2. Actually, the Bush administration never held that “no diplomacy” was their approach, only that there were situations where diplomacy had demonstrably failed, and to continue a failed approach (remember that one?) was a fool’s errand. The major problem with diplomacy, as practiced, is that it moves far too slowly for the real-world tempo of events today. It’s not diplomacy that is ineffectual, but the way in which we go about it.

    A nation’s foreign policy isn’t about “control[ing] over and around the rest of the world”, but about advancing and protecting the interests of the nation in question. Iran and DPRK provide textbook examples. They both use talks as a way to buy time to do what the talks are designed to stop. We seem fetishized by the notion that talking will solve all conflicts, even with those whose sole purpose is to destroy one of the interlocutors. By the way, all coalitions are coalitions of the willing.

    Mr Obama doesn’t remind so much of Churchill’s keeping his enemies closer as Neville Chamberlain’s “Peace in our time”.

    • In how many nations, in the mold of Iran, has war-making wkoerd?Iraq? Hundreds of billions of dollars and six years and not yet.Afghanistan? Hundreds of billions of dollars and about eight years and not yet.How many resources have we devoted to war-making solutions? (answer: Trillions of dollars)How many resources have we devoted to peace-making solutions? (answer: Much less)In reality, places like Sudan, Rwanda, Iran, Iraq, etc, are tough situations with no good answers, most likely. I’m suggesting we’d be smarter to quit putting most of our eggs (and dollars) in the war-making basket.If you want peace, you must prepare for it and work for it and plan for it. If most of your tools are hammers, most of your solutions will be hammer-based. We need to devote more energy to more diverse solutions. That’s what I’m saying. There are many good examples and ideas in those pages I’ve linked to. Check them out.And what is different about Iran than, say, the contra terrorists? Than white South Africans? Are you saying that White Africans and Latin Americans can be reasoned with but Persians can’t? Surely not.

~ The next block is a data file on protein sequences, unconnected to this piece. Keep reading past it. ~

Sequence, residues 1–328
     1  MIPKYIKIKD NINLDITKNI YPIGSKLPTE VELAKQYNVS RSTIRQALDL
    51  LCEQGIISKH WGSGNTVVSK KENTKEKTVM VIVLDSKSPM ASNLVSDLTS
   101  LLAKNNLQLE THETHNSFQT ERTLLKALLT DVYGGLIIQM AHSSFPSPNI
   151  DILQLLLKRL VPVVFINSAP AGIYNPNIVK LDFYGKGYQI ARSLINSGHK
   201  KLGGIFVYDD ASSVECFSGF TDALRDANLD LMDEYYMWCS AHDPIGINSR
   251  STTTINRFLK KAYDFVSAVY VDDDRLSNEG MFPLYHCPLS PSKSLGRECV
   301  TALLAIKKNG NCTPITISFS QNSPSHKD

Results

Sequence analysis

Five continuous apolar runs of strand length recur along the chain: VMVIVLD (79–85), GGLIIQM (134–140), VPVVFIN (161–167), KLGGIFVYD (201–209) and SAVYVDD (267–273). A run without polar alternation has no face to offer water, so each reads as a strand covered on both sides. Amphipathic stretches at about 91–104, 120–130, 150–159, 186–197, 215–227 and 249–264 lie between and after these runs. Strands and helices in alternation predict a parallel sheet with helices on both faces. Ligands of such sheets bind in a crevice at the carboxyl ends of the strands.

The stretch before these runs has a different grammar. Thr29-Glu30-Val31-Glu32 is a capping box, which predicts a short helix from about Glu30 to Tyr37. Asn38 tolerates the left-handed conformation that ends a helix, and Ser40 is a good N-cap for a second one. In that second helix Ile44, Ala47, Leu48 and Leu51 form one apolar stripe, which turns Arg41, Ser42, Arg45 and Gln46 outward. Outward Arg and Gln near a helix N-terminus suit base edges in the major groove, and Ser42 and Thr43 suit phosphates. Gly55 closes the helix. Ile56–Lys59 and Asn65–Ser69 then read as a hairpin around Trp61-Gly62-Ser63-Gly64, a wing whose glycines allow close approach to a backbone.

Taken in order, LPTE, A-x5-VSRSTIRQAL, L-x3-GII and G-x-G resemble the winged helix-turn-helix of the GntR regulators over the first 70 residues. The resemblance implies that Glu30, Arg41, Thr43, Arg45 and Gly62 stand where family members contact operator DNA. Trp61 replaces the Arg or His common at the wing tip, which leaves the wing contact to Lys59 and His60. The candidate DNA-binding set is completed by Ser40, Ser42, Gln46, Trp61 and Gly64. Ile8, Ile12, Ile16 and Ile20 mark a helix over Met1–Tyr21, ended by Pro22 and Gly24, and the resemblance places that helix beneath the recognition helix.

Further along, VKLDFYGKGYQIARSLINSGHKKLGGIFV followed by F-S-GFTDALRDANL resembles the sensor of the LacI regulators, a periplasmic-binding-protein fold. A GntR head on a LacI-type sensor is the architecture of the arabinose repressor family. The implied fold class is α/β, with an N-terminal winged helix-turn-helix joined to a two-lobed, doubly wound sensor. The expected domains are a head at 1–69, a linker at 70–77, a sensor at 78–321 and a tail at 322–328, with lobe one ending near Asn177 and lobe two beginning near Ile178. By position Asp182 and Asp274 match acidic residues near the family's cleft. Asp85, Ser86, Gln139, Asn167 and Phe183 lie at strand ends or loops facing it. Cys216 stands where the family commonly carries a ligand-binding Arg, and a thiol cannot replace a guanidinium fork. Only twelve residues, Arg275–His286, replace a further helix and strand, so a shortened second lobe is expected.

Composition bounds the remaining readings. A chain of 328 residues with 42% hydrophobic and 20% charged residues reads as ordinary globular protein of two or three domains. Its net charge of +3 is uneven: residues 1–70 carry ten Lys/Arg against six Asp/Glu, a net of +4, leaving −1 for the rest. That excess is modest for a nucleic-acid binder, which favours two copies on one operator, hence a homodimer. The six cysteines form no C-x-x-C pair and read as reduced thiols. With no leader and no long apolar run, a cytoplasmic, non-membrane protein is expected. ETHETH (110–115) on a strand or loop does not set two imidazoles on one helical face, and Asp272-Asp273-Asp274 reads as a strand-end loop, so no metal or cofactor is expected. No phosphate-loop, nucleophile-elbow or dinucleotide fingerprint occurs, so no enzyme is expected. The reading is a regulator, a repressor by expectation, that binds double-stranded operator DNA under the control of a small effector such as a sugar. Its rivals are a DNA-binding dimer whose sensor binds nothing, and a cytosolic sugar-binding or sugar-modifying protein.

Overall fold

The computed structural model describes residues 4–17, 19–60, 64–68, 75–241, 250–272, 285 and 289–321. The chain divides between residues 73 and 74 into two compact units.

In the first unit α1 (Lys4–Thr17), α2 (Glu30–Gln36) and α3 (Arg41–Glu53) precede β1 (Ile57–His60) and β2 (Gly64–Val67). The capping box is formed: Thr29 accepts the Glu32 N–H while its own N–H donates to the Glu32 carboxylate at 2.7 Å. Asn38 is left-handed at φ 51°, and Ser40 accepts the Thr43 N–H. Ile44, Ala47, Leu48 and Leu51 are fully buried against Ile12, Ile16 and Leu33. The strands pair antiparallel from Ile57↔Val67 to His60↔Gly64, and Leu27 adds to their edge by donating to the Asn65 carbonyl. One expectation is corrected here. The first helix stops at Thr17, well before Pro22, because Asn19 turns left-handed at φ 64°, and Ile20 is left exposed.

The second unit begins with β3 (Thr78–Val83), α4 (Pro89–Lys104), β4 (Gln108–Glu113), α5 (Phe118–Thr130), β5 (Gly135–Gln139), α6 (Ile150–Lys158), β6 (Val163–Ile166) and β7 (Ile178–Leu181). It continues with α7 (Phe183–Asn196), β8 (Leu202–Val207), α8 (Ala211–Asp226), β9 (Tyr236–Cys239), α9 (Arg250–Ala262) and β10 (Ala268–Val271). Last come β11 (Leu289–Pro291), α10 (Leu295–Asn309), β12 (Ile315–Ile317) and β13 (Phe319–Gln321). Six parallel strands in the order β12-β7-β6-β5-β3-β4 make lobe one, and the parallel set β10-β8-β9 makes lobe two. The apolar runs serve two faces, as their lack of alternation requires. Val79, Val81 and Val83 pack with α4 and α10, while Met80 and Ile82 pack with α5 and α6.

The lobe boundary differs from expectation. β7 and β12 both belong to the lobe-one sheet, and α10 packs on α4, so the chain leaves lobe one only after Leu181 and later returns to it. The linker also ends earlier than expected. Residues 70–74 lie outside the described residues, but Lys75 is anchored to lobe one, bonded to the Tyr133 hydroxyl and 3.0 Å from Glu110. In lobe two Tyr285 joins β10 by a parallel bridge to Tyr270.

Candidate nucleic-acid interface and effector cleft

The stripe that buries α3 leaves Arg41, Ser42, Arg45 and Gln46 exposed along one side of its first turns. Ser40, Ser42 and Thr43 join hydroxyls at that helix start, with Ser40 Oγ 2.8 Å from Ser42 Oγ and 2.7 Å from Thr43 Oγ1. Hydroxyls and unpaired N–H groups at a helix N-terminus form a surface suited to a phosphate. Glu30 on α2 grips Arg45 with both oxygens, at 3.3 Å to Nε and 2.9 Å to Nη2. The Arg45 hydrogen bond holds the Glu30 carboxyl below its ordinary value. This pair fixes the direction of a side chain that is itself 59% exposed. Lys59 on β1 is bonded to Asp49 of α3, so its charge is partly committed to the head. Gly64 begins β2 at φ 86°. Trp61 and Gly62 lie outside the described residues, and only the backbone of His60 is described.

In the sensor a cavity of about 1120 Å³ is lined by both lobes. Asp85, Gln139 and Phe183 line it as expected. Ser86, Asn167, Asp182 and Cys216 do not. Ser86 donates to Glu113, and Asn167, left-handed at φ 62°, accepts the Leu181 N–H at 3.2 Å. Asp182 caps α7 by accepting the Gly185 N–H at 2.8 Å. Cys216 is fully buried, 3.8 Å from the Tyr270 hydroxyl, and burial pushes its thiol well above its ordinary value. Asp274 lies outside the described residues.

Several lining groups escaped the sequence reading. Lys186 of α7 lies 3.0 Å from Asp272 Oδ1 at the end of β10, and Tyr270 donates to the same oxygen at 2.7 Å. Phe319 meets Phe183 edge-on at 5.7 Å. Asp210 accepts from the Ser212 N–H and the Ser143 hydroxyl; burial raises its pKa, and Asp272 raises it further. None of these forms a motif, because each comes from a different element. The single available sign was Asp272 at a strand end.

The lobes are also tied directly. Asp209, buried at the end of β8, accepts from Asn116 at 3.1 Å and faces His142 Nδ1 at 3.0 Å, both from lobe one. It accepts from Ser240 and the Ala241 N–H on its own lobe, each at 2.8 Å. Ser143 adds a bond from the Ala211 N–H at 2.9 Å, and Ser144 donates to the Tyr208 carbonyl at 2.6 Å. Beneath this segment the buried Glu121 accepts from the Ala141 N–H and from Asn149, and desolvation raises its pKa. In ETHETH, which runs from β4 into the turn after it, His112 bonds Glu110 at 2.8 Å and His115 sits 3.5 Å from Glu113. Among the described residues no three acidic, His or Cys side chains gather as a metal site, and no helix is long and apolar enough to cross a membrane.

3. Sorry Libby, I don’t see it that way.  First, Mr. Obama may be able to successfully negotiate a political campaign, but when it comes to actually being a leader, he is definitely “wet behind the ears”; it’s no secret that he either allowed himself (or worse didn’t know) to be played by Calderon and Chavez.  If perception is power, then the world sees the U.S. and our President at best as a weakling, and at worse young and naive and way in over his head.

    Don Corleone, he is not, more like Fredo maybe, and unfortunately we all know what happened to him Wink

  4. French President Nicolas Sarkozy called then Sen. Obama’s stance on Iran as “utterly immature” and comprised of “formulations empty of all content.” As of right now it appears President Sarkozy called it to several decimal.

    • It seems to me that, for diplomacy to truly fcuntion properly, all parties involved must desire it so. But, perhaps I’m too linear in my approach…One of the tenets of nonviolent direct action is that all parties have their self-interest at heart. Diplomacy is the art of making a group see how it is in their best interest to cooperate with the desired outcomes.For less than rational and rogue-ish types, the threat of violence against their people is often not a huge incentive to cooperate, in fact, it serves their best interest to be belligerent against such threats. We need to wage peace in a smarter way than we wage war if we hope to be most effective.